This was written by Clarence Rook, a journalist and writer of fiction. This was published in book form in 1899 but despite the inpression that the author himself gives in his own introduction, this is a work of fiction. So saying though, such things mentioned in this book did and do happen, but the author did not keep bumping into Alf, the main character of this. If you are wondering where most of this book takes place, it is now in the London Boroughs of Southwark and Lambeth.
This was quite popular on its first appearance, and is still a good read today. The author has tried to capture the language and the slang of the area by writing the sayings of Alf in the dialect, and there is also a glossary supplied at the back of the book of slang words used. So who is Alf? In a nutshell the character is a composition of different people, and Alf thus appears much larger than life. The book is slightly comical in places and is enjoyable to read with Alf relating all the dodges he knows about and gets up to, from pickpocketing (although I should point out that the examples given here are not just the skill of a fingersmith, but also mugging), burglary and robbery, and a whole host of other tricks.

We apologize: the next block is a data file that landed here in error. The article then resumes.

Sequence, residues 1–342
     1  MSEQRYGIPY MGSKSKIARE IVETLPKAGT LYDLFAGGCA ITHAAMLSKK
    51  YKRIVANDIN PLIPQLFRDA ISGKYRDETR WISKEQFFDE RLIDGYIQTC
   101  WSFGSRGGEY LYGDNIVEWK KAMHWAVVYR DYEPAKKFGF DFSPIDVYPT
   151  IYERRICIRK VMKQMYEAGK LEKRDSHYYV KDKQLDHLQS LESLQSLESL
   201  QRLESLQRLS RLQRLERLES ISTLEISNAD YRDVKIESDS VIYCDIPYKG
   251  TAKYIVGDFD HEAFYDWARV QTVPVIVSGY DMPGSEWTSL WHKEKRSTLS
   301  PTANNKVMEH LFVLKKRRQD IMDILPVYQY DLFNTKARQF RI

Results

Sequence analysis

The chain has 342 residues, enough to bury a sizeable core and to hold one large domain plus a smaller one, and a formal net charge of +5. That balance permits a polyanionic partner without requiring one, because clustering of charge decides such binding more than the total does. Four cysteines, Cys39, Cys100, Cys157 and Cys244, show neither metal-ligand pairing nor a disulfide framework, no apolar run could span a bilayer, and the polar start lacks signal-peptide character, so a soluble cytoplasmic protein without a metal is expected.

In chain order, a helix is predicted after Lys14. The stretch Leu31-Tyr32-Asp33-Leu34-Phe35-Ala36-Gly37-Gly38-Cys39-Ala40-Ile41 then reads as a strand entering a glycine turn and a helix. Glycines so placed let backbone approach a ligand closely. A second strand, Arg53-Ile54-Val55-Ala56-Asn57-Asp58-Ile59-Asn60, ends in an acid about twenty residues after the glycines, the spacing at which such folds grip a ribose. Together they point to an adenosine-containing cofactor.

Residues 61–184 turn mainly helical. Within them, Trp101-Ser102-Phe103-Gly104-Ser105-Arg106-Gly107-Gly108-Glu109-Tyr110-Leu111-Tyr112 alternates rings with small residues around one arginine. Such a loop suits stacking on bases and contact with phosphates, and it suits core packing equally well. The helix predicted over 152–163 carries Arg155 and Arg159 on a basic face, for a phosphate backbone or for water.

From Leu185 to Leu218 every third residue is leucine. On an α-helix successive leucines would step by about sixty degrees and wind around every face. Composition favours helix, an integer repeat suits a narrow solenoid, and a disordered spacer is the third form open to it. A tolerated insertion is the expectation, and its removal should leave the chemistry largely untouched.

Being a South Londoner born and bred I must rather shame facedly admit that I can speak the type of dialect that Alf talks, I already know the slang, and I knew all the cons in this book, although some refer to the days of horse and carts. I have to admit that most people will probably be well aware of all the dodges that go on, and you won't really find anything new here. What is funy though is that Alf, the wideboy, thinks he is quite clever with all his ducking and diving, but you still see his type about today. While he may be making a bit of money here and there, he always has the worry of being caught, and never makes enough to rise above others and make something of himself.